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MANAGING MANAGED CARE: QUALITY IMPROVEMENT IN BEHAVIORAL HEALTH
Maternal and Child Health Block Grant (part of Title V of the Social Security Act), mental health programs, social services, foster care, substance abuse services, school-based clinics, special education, recreation programs, and the juvenile justice system. Given the multiplicity of funding streams and fragmentation of responsibilities among these agencies, the coordination of care across all systems is almost impossible (Burns et al., 1995; England and Cole, 1995; Newacheck et al., 1995). Studies have shown that only about one-third of children with severe problems get the needed services (Brandenburg et al., 1990; DOE, 1993; Knitzer, 1982; Stoul et al., 1994).
Managed behavioral health care plans serving children and their families face the added challenge of providing family-centered services that need to interface with the multitude of systems that serve children.
National Mental Health Association
Public Workshop, April 18, 1996, Washington, DC
National policy for children's mental health services promotes “systems of care,” based on principles and values of the Child and Adolescent Service System Program (CASSP). Initiated in 1984 through the National Institute of Mental Health, CASSP was the first federally funded initiative responding to the needs of children and adolescents with serious emotional disturbances. Although in 1993 it was renamed the Planning Systems Development Program, the CASSP principles have wide support among state agencies, professional organizations, and advocacy groups concerned with children and adolescents. These principles include (SMHRCY, 1995):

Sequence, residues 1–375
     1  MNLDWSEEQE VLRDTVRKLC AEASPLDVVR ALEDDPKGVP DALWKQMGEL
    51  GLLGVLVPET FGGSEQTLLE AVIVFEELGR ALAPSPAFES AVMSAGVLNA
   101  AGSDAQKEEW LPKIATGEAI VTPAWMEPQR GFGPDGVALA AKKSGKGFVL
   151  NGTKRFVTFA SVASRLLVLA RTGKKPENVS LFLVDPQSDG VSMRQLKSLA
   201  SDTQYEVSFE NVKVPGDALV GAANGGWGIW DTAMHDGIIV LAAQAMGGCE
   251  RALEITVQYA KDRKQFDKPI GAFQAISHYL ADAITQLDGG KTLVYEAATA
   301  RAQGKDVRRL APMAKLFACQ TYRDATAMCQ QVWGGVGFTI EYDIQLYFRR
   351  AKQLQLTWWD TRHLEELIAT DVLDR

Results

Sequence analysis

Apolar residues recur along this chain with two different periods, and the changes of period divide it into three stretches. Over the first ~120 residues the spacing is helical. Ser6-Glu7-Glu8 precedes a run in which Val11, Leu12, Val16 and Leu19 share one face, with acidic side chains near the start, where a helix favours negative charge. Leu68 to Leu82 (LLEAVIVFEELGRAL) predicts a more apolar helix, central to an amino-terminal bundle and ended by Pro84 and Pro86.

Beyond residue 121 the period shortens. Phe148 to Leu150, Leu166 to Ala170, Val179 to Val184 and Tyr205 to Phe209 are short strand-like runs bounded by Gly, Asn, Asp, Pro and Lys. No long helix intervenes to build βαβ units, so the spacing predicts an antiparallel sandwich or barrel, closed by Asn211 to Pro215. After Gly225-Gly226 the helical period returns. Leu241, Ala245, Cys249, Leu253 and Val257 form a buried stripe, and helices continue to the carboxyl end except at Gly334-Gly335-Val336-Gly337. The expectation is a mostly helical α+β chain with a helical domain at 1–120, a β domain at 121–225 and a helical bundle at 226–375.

coordination of care;
individualized treatment on the basis of need;
culturally competent services;
active involvement of families and surrogate families (e.g., foster care) in the development of treatment plans;
commitment to providing the least restrictive, most normative environment that is clinically appropriate.